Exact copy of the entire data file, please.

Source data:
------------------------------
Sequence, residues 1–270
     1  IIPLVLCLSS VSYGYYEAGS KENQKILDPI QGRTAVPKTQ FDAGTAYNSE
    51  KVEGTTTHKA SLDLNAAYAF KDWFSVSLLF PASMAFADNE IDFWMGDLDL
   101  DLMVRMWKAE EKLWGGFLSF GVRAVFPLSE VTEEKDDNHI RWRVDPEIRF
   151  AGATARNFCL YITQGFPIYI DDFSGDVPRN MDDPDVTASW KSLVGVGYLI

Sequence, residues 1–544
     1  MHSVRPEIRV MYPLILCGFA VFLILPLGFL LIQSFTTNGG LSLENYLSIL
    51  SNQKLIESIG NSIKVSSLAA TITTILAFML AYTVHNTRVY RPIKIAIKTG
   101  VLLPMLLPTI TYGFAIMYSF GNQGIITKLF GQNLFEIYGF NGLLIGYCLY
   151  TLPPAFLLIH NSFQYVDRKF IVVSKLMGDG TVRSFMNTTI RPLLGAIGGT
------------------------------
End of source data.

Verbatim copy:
Sequence, residues 1–270
     1  IIPLVLCLSS VSYGYYEAGS KENQKILDPI QGRTAVPKTQ FDAGTAYNSE
    51  KVEGTTTHKA SLDLNAAYAF KDWFSVSLLF PASMAFADNE IDFWMGDLDL
   101  DLMVRMWKAE EKLWGGFLSF GVRAVFPLSE VTEEKDDNHI RWRVDPEIRF
   151  AGATARNFCL YITQGFPIYI DDFSGDVPRN MDDPDVTASW KSLVGVGYLI

Sequence, residues 1–544
     1  MHSVRPEIRV MYPLILCGFA VFLILPLGFL LIQSFTTNGG LSLENYLSIL
    51  SNQKLIESIG NSIKVSSLAA TITTILAFML AYTVHNTRVY RPIKIAIKTG
   101  VLLPMLLPTI TYGFAIMYSF GNQGIITKLF GQNLFEIYGF NGLLIGYCLY
   151  TLPPAFLLIH NSFQYVDRKF IVVSKLMGDG TVRSFMNTTI RPLLGAIGGT